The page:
However much we liberals in the West might have been dismayed by the finger-jabbing aggression of some of the Africans as they strove to make their views known, and abhorred their entreaties to members of the Lesbian and Gay Christian Movement either to repent of their sexual misdemeanours or be damned, we should be grateful to them for teaching us a lesson. For too long we have assumed that, given time, the world would be ours: it would become a melting pot in which we could all live sharing the same values. In a few years, the rest of them would come round to our thinking.
If institutions such as the Anglican communion are ever to succeed in ameliorating differences, then of course negotiation is essential. But too often consensus leads to the canker of compromise, to a bland, hybrid society. It's happened repeatedly in the commercial world: do we really want the ethical and spiritual equivalent of the Coca-Cola culture?
The African bishops proved beyond doubt that if it's up to the Third World, then it won't happen. We can no longer expect the rest of the world to roll over and accept our ways, even if missionaries' teachings and 19th-century European colonialism have made their mark on core values. The cultures of Africa and India are too rich for that. Combine these with a document as opaque as the New Testament and you have an explosive situation.
This is not the first time ecclesiastics have grappled with such an issue. The Catholic church, with a much bigger congregation than the Anglicans, has long recognised the problems of a universal church and struggles with the dilemma of how to accommodate diverse cultures. The arguments continue, but the church insists on the same doctrine and faith across the continents while recognising the need for ritual to express local identities.
While religion may be one of the biggest battlegrounds for the clashing of civilisations, it is by no means the only one. Those who believe in the melting pot have been quick to condemn the legal systems of other countries for being different to ours. The case of the British nurses Deborah Parry and Lucille McLauchlan was used to highlight the Saudi Arabian legal system and what Western observers perceived to be its shortcomings. But any suggestion of a Brit in trouble persuades the press that there is no chance of a fair trial abroad. Even the American system, whose roots derive from English law, was criticised in the treatment of Louise Woodward, convicted of killing the baby Matthew Eappen. Yes, these legal systems may be imperfect, but it is time we realised that we cannot expect other countries or cultures with different histories and heritage to share our values. Nor - with our record on miscarriages of justice, for example - should we be so sure that our systems are the ones to be followed.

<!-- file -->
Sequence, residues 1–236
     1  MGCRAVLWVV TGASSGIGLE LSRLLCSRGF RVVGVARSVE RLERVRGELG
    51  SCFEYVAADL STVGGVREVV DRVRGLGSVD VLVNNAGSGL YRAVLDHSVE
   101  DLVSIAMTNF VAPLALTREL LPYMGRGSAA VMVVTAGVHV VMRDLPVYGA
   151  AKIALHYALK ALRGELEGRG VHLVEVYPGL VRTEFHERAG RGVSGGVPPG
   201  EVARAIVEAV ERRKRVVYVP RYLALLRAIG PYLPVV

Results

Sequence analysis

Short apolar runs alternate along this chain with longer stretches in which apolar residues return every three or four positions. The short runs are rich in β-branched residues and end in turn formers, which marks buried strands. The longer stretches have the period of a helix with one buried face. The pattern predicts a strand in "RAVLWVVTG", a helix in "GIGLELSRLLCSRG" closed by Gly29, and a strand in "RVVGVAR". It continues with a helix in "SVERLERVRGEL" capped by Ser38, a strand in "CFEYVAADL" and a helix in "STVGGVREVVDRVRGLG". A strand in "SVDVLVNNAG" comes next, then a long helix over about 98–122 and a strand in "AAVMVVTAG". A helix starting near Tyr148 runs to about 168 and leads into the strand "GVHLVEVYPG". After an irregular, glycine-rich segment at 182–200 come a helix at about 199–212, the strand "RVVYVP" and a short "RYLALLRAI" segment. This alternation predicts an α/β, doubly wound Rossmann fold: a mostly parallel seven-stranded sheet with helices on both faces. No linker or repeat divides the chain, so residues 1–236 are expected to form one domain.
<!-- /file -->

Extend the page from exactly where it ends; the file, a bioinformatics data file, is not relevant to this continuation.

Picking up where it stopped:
The tendency towards belief in our own superiority is evident at home, too. In the last 30 years Britain has become one of the most ethnically diverse countries of Europe. The abiding view has been that immigrants should adapt to the national, superior culture. We like the idea of those diverse communities springing up across Britain if it means we can enjoy treats such as Bhangra music and chicken vindaloo or every variation of reggae we could possibly imagine.
But it's time we were mature enough to accept that living in a multicultural society is much more than indulging in pick 'n' mix ethnic treats. It should mean learning to live side by side - and accepting that there are, and always will be, diverse values.
Our tolerance, inevitably, is put to the test in a multicultural society. When a daughter's best friend is sent by her parents to Pakistan for an arranged marriage rather than to university, the instinctive response of most of us is to believe that they are doing something quite unacceptable. There is a lingering view of Them and Us: they have got it wrong and we are right. Even before we begin the argument, we couch the parameters in our terms, making assumptions from the most prejudiced of starting points.
No one has been more articulate in expressing the arrogance of value judgements than Jack Spong, the Bishop of Newark, New Jersey, and a leading proponent of the homosexual lobby, who, at the start of the Lambeth Conference said that African Christians had only just moved out of animism and practise a "very superstitious Christianity".
In an interview in The Church of England Newspaper, Bishop Spong described his fellow bishops from Africa and Asia as "just one step up from witchcraft. They've yet to face the intellectual revolution of Copernicus and Einstein that we've had to face: that is just not on their radar screen," he blustered. "Scientific advances have given us a new way of understanding homosexual people. In dealing with the Third World this knowledge hasn't percolated down."
When asked whether Africans might feel belittled by his remarks, Bishop Spong said: "If they feel patronised that's too bad. I'm not going to cease to be a 20th-century person for fear of offending somebody in the Third World."
Fighting talk. In this country, where we have enjoyed the benefit of so many diasporas of the last 50 years, we cannot afford to indulge in this sort of rhetoric and offer our fellow citizens such little respect. But nor should we be seduced into believing that the future consists of the melting pot. West is not necessarily best, but nor is living in the kingdom of the bland. It is time we learnt to live side by side with those with different values, and offered them the dignity we feel they owe us.
The moment has come to find a different way of doing things. So as we arrive at the end of the 20th century, we should embrace not Bishop Spong but adapt a little Voltaire: "We may not like what you say, Bishop Chukwuma, but we will defend to the death your right to say it." Men in purple - like the rest of us - it's time you grew up.